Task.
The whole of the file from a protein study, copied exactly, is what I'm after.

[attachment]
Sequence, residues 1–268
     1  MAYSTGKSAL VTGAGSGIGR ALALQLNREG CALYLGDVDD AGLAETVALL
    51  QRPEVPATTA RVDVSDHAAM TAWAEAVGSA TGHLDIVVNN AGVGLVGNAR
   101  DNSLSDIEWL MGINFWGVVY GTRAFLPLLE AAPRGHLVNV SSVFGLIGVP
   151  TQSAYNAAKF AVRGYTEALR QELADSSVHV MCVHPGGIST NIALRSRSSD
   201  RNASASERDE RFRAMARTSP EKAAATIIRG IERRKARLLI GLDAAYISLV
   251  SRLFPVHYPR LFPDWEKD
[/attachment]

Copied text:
Sequence, residues 1–268
     1  MAYSTGKSAL VTGAGSGIGR ALALQLNREG CALYLGDVDD AGLAETVALL
    51  QRPEVPATTA RVDVSDHAAM TAWAEAVGSA TGHLDIVVNN AGVGLVGNAR
   101  DNSLSDIEWL MGINFWGVVY GTRAFLPLLE AAPRGHLVNV SSVFGLIGVP
   151  TQSAYNAAKF AVRGYTEALR QELADSSVHV MCVHPGGIST NIALRSRSSD
   201  RNASASERDE RFRAMARTSP EKAAATIIRG IERRKARLLI GLDAAYISLV
   251  SRLFPVHYPR LFPDWEKD